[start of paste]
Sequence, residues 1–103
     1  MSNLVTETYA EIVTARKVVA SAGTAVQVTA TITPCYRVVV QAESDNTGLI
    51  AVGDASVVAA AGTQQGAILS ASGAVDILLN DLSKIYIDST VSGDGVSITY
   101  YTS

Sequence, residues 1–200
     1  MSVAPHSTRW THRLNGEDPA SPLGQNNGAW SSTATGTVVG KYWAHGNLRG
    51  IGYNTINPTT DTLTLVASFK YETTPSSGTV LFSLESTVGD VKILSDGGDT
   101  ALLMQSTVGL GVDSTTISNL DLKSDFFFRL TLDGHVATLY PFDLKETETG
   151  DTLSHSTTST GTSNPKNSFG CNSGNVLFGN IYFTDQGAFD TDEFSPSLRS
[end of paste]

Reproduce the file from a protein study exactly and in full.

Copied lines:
Sequence, residues 1–103
     1  MSNLVTETYA EIVTARKVVA SAGTAVQVTA TITPCYRVVV QAESDNTGLI
    51  AVGDASVVAA AGTQQGAILS ASGAVDILLN DLSKIYIDST VSGDGVSITY
   101  YTS

Sequence, residues 1–200
     1  MSVAPHSTRW THRLNGEDPA SPLGQNNGAW SSTATGTVVG KYWAHGNLRG
    51  IGYNTINPTT DTLTLVASFK YETTPSSGTV LFSLESTVGD VKILSDGGDT
   101  ALLMQSTVGL GVDSTTISNL DLKSDFFFRL TLDGHVATLY PFDLKETETG
   151  DTLSHSTTST GTSNPKNSFG CNSGNVLFGN IYFTDQGAFD TDEFSPSLRS